The Chicago Parks District wanted the building to convey a sense of openness while also retaining the ability to be secured when park staff were not on site. In response, the center has 10-foot-square floor-to-ceiling windows facing the park that allow natural light deep into the space. Large operable hydraulic hangar doors made of steel, hinge downwards to fit flush with the exterior wall, covering windows to secure the facility when it is closed. The doors’ perforated metal screens preserve visibility to the interior. Given the marsh’s importance to migrating birds, it was essential that the design be bird friendly. The hangar doors form a canopy over the fritted glass when raised, providing shade and ensuring that birds flying overhead do not see landscape reflected in the windows and fly into them by mistake.
Photo: Tom Harris
The FCEC uses a constructed wastewater wetlands system — the first in Chicago and one of the first in Illinois. Its design takes inspiration from the park itself using the same processes which naturally occur in the marsh to produce clean water that is put back into the site via a leach field. The plants and other organisms in the system are used to filter the building’s blackwater, instead of putting it into the city’s already overloaded sewer system.
The Ford Calumet Environmental Center is a bold expression of a larger initiative striving toward the reclamation of a landscape tarnished by industry. Through environmental education and eco-recreation, the center aims to cultivate advocacy for positive change across the Calumet Region.
Photo: Tom HarrisWhat are the main ideas and inspirations influencing the design of the building?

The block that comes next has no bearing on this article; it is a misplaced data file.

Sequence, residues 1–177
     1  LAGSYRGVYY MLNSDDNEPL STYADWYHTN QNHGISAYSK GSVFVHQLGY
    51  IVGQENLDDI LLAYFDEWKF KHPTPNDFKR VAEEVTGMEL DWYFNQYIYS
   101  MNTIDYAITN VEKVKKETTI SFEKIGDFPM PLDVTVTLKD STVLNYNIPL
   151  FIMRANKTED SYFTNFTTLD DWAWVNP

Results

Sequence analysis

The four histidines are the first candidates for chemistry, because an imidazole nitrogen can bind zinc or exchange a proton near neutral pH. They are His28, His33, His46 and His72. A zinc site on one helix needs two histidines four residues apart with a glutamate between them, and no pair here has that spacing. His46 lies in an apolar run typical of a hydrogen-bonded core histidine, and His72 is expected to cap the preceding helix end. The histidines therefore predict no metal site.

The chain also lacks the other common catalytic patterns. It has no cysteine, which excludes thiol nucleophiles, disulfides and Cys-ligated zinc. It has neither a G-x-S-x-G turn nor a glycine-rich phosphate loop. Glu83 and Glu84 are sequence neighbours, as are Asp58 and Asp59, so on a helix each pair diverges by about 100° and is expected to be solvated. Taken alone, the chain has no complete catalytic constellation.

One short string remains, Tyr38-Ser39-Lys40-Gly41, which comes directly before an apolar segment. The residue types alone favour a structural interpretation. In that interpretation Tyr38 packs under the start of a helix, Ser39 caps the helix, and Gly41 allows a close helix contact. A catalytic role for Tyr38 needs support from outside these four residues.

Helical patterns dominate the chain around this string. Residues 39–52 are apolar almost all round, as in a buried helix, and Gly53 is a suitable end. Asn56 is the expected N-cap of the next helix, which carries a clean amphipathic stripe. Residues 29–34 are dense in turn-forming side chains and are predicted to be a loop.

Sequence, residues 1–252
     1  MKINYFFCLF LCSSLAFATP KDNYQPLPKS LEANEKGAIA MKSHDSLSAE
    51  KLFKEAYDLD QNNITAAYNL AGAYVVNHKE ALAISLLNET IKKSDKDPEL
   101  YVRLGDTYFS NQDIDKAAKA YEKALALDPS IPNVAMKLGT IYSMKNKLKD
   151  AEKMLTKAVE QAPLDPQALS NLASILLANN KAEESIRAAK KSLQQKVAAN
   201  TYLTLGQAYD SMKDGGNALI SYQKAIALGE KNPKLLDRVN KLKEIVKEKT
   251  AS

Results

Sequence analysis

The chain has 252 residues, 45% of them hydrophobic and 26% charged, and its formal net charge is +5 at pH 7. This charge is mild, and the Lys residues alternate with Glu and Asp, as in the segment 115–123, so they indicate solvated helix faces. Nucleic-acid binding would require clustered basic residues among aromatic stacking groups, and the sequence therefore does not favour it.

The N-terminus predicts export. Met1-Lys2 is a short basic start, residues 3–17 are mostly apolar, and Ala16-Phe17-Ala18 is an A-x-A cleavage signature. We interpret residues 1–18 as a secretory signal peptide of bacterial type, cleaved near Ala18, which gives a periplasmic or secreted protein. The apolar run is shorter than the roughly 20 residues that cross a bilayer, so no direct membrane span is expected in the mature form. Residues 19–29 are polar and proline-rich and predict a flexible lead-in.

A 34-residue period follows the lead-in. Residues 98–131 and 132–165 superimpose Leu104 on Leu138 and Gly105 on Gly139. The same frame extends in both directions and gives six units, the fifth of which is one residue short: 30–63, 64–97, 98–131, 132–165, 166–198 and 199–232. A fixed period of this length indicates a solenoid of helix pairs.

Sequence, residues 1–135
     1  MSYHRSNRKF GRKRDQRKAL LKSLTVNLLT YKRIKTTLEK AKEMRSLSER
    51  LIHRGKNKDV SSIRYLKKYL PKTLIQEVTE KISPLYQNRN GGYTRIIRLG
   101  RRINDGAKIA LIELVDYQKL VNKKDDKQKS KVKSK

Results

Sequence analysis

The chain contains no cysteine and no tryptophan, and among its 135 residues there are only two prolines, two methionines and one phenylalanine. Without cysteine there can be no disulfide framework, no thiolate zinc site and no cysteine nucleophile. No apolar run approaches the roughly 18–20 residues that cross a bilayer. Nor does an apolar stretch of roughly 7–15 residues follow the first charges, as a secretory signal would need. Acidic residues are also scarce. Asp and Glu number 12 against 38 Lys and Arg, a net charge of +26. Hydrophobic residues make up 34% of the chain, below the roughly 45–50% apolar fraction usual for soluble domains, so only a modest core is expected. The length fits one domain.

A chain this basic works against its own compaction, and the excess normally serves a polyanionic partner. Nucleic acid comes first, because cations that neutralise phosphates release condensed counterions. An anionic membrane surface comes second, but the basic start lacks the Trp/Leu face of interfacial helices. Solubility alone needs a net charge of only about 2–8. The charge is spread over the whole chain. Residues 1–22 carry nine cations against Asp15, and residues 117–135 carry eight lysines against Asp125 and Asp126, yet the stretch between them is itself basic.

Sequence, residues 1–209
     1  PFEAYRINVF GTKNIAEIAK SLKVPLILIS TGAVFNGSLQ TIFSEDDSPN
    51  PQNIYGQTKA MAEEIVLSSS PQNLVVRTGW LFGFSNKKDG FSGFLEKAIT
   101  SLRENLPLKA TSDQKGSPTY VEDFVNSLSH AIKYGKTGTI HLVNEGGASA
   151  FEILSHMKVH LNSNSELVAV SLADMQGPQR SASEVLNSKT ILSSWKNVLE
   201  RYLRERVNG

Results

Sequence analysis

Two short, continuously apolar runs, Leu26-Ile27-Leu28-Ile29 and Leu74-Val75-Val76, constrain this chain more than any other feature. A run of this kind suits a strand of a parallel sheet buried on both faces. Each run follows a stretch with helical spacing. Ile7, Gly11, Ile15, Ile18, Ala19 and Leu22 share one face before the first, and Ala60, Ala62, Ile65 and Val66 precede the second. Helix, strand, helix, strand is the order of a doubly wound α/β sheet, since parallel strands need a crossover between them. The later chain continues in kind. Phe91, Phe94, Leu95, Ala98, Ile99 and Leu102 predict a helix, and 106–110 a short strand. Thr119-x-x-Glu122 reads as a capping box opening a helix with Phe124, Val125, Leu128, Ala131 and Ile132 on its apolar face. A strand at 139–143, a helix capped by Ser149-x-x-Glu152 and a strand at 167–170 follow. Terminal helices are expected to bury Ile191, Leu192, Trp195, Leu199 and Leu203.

Historically, Chicago’s Southeast Side has been laden with the effects of industrialization and left with remnants of steel production in the area. The building’s materiality serves as a metaphor to the site’s industrial past and forward-thinking future: the Cor-ten steel that wraps around the building is an acknowledgement of that past, while the two wooden boxes that run perpendicular to the orange patina serve a message of environmentally responsive and conscious future.
Photo: Tom HarrisHow does the design respond to the unique qualities of the site?
The 280-acre Big Marsh Park, located on the South Side of Chicago, shares its past with big steel and the unique natural history of the Calumet Region. Through cultural stewardship, the land is being remediated in order to create a new legacy of outdoor recreation and environmental education within the region.
Bordered by the former Acme Steel plant to the east and the Southern Railroad property to the north, the site that is now Big Marsh Park was significantly impacted by industries whose activities in the region date back to the mid-nineteenth century. For years, this property was used as a dumping ground for construction debris, municipal waste, and dredge material, as well as slag and fly ash resulting from industrial operations. Collectively, these negative inputs damaged the natural landscape, its native wildlife populations, and the wellbeing of nearby residents. Today, the Chicago Park District’s efforts to remediate and restore the land are revitalizing the Big Marsh Park site so that it can once again be an asset for the surrounding community and the Calumet Region.
Photo: Tom HarrisWas the project influenced by any trends in energy-conservation, construction, or design?
Sustainable features like the wastewater wetland system are put on display, demonstrating how it takes inspiration from the marshes' natural processes to treat the building’s blackwater and release clean water back to the site via a leach field. Renewable resources in the project include Nail Laminated Timber, giving the building warmth and a lower carbon footprint. An eco-friendly alternative to aluminum, weathered steel has a lower carbon footprint as well, reducing the building’s overall embodied carbon while providing a durable layer of protection with a beautiful orange patina.
Photo: Tom HarrisWhat products or materials have contributed to the success of the completed building?
The building's materials reinforce its mission: weathered steel cladding (Dri Design) recalls the site's industrial past, in contrast to exposed Nail Laminated Timber (reSAWN TIMBER co.), alluding to an environmentally-responsive future.
Email interview conducted by John Hill.